• Brandminds 2020

Content Writer vs Content Marketer vs Content Strategist

In this article, I attempt to define and differentiate between three marketing roles: content writer, content marketer and content strategist.

It’s human nature to organize information in well-defined compartments. We like it like that because it helps us avoid confusion. Marketing is about human communication which is a complex process in itself. Digital communication adds an extra layer of challenges. That’s why you will find that these three roles sometimes overlap.

Without further ado, let’s dive in!

Content Writer vs Content Marketer vs Content Strategist

What is a content writer? What does the content writer do?

A content writer is a marketer trained in the art of writing. The content writer is part of the marketing team and his/her job is to write digital content that caters to the needs of customers.

Content writers wield their digital pen skillfully, writing content that answers customers’ questions.

They are brand’s ambassadors offering customers a solution to their problems and essentially helping them achieve their goals.

Their power resides in the words which they use to facilitate the communication between your brand and your customers. They are part journalists, part copywriters, part storytellers. Content writers are always looking for the best metaphor which helps readers become leads or customers. They are always looking for inspiration and Google is their ally. They write for customers but also pay attention to keywords. If you want to make a content writer happy, tell them how much you liked their article or how useful it was.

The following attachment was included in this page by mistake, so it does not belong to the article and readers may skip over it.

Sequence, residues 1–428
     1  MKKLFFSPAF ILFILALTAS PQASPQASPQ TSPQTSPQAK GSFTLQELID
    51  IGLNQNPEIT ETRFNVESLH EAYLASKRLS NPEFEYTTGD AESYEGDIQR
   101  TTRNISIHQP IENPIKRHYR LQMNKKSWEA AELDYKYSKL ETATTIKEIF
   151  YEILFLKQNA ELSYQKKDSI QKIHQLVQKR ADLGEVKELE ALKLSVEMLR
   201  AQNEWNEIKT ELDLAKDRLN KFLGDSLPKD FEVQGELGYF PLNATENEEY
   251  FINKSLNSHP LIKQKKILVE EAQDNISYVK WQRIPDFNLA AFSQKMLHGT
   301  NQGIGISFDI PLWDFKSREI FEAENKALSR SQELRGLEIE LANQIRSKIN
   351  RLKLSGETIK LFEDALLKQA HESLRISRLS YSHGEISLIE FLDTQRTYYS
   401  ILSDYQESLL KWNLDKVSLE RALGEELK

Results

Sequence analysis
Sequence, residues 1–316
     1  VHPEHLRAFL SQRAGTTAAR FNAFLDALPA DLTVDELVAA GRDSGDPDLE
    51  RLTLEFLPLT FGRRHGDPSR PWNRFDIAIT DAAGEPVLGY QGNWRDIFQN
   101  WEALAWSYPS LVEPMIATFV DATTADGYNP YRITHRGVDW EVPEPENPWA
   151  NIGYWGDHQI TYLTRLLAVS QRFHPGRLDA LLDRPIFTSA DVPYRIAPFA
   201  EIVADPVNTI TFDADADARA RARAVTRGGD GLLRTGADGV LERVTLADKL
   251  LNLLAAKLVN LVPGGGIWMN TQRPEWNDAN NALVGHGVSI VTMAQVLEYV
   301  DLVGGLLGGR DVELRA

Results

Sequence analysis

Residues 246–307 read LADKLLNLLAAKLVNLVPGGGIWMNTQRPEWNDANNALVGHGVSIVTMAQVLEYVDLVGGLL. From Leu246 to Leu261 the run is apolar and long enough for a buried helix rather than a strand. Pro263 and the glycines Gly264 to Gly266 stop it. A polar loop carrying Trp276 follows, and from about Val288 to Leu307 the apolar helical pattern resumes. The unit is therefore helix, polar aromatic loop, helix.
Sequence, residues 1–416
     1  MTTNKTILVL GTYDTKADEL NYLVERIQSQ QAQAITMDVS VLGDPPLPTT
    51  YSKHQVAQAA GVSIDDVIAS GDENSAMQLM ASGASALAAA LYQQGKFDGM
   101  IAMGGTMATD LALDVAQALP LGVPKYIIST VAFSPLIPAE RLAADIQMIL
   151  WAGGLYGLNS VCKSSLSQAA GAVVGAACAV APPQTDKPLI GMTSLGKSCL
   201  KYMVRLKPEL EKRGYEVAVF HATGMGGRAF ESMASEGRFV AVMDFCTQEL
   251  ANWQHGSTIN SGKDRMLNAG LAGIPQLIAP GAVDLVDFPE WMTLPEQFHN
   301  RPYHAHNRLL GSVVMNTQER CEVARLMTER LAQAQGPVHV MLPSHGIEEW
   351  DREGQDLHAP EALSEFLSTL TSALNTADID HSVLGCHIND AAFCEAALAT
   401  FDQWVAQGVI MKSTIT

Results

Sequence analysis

What do content writers write?

Content writers write blogs, articles, reviews, guides, customer stories or any other long-form usually in-depth content (above 800-1000 words) that is relevant to the brand and its customer base. The corporate blogger is a content writer specialized in writing for the company blog.

Whatever the form, the content must be engaging, easy to read and achieve one or all of the following goals: educate, inform, inspire, entertain. The overall goal of branded content is to build brand awareness, build trust with the customer and create a community.

Discover the 6 attributes of excellent content.

Content writer = Copywriter?

The content writer must have copywriting skills, but he/she is not a copywriter. Their skills overlap, but the jobs are not the same.